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Saudi could invest in Iran ‘very quickly’

RIYADH: Saudi Arabia could start making investments in Iran “very quickly” after they agreed to restore diplomatic ties, the Saudi finance minister said on Wednesday, despite sweeping US sanctions against the Islamic republic. Mohammed Al-Jadaan said there were “a lot of opportunities” in Iran and that he couldn’t see any reason to prevent investments taking place between the two Gulf heavyweights.

“I would say quickly,” he told the Financial Sector Conference in Riyadh, when asked how soon Saudi Arabia could start making “significant” investments in Iran. “When people really stick to the principles of what was agreed, I think that that could happen very quickly.” In a surprise, Chinese-brokered announcement on Friday, Saudi Arabia and Iran agreed to work towards restoring ties and reopening diplomatic missions within two months.

The oil-rich rivals, who are on opposing sides in conflicts across the Middle East, severed relations in 2016 after Saudi’s execution of a Shiite cleric triggered violent protests. Iran has been under renewed US sanctions since then president Donald Trump abandoned a landmark nuclear agreement between Tehran and major powers in 2018. Saudi Arabia, a longtime US ally, has said it supports the sanctions, which target key areas, including oil.

But Jadaan said: “There is no reason for (investments) not to happen. I mean, Iran is our neighbor and has been and will continue to be for hundreds of years. So I don’t see any issue that would prevent the normalization of the relationship across investments… as long as we stick to the agreement, you know, respecting sovereign rights, not interfering in other affairs.” He added: “I think that there are a lot of opportunities in Iran, and we provide a lot of opportunities for them.”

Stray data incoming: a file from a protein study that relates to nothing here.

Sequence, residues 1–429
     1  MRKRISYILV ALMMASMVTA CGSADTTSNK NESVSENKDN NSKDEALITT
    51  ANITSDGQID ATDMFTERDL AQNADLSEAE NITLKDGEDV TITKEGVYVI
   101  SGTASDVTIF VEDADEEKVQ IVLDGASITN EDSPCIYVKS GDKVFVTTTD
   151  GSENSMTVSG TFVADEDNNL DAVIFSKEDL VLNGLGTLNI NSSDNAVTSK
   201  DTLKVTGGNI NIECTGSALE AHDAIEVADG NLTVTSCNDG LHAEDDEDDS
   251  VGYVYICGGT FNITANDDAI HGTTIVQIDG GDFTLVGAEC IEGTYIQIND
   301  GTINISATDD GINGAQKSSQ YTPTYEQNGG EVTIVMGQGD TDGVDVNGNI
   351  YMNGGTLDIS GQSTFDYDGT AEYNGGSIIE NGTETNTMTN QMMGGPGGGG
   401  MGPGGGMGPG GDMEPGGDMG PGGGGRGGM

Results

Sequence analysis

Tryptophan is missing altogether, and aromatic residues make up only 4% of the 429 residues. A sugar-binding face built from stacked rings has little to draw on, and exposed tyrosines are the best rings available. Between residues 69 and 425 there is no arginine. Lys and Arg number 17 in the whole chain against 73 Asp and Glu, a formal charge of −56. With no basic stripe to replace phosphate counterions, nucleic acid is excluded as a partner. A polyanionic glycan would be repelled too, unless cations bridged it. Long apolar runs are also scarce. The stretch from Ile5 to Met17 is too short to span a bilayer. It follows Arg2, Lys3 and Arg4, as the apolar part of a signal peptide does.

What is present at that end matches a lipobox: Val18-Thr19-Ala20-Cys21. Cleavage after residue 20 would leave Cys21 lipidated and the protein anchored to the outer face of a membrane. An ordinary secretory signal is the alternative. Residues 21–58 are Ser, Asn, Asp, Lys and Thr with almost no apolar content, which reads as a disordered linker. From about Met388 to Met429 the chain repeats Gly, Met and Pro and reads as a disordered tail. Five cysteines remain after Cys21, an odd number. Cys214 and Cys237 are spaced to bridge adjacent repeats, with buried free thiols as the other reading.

A Saudi official said Wednesday Chinese leader Xi Jinping approached Saudi Arabia’s crown prince last year about Beijing serving as a “bridge” between the kingdom and Iran, jump-starting talks that yielded last week’s surprise rapprochement. The initial conversation between Xi and Crown Prince Mohammed bin Salman took place during bilateral talks at a summit in Riyadh in December, said the official, who spoke on condition of anonymity to describe how the deal – whose ripple effects could spread across the Middle East – took shape.

“The Chinese president expressed his desire for China to be a bridge between Saudi Arabia and Iran. His Royal Highness the Crown Prince welcomed this,” the official said, later adding that Riyadh sees Beijing as in a “unique” position to wield unmatched “leverage” in the Gulf. “For Iran in particular, China is either No 1 or No 2 in terms of its international partners. And so the leverage is important in that regard, and you cannot have an alternative that is equal in importance,” the official said.